Dust in the solar system and in extra-solar planetary systems

  title={Dust in the solar system and in extra-solar planetary systems},
  author={Ingrid Mann and Melanie K{\"o}hler and Hiroshi Kimura and Andrzej Cechowski and T. Minato},
  journal={The Astronomy and Astrophysics Review},
Among the observed circumstellar dust envelopes a certain population, planetary debris disks, is ascribed to systems with optically thin dust disks and low gas content. These systems contain planetesimals and possibly planets and are believed to be systems that are most similar to our solar system in an early evolutionary stage. Planetary debris disks have been identified in large numbers by a brightness excess in the near-infrared, mid-infrared and/or submillimetre range of their stellar… 
Evolution of Dust and Small Bodies: Physical Processes
Planetary debris disks are exposed to the brightness of the central star and for young systems the brightness at wavelengths shorter than the visible is variable in time. The central star ejects a
Evolution of Debris Disks
Circumstellar dust exists around several hundred main sequence stars. For the youngest stars, that dust could be a remnant of the protoplanetary disk. Mostly it is inferred to be continuously
Dusty debris disks: First light from exosolar planetary systems
For stars with ages ≥ 10 Myr, circumstellar disks are dominated by a population of optically thin dust grains most likely associated with the erosion of a planetesimal population in a system that may
Comets as a possible source of nanodust in the Solar System cloud and in planetary debris discs
  • I. Mann
  • Physics, Geology
    Philosophical Transactions of the Royal Society A: Mathematical, Physical and Engineering Sciences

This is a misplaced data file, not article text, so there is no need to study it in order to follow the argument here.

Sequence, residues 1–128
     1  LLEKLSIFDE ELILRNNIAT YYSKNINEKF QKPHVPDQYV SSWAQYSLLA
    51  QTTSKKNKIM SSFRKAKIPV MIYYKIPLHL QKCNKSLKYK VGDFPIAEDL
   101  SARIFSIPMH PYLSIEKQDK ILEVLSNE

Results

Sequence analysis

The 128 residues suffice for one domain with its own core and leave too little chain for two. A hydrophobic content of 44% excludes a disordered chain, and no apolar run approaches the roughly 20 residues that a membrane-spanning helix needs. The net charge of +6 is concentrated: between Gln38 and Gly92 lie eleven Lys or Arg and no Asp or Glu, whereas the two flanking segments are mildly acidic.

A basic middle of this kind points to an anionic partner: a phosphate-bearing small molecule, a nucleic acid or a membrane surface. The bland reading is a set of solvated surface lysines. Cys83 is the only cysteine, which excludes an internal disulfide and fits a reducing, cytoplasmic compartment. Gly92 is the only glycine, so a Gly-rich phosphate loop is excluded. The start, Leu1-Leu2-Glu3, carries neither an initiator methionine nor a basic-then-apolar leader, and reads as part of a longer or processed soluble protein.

• 2017
A scenario that nanodust forms in the interplanetary dust cloud through the high-velocity collision process in theInterplanetary medium for which the production rates are highest near the Sun, is discussed.
Using warm dust to constrain unseen planets
Cold outer debris belts orbit a significant fraction of stars, many of which are planet hosts. Radiative forces from the star lead to dust particles leaving the outer belts and spiralling inwards
Using infrared observations of circumstellar dust around evolved stars to test dust formation hypotheses
Asymptotic Giant Branch (AGB) stars are evolved, low to intermediate mass (0.8–8M ̄) stars. These stars lose a significant fraction of their mass through stellar pulsation. As a result, they are
A near-infrared interferometric survey of debris-disk stars
Context. Hot exozodiacal dust has been shown to be present in the innermost regions of an increasing number of main sequence stars over the past 15 yr. However, the origin of hot exozodiacal dust and
Formation and evolution of planetary systems: the impact of high-angular resolution optical techniques
The direct images of giant extrasolar planets recently obtained around several main sequence stars represent a major step in the study of planetary systems. These high-dynamic range images are among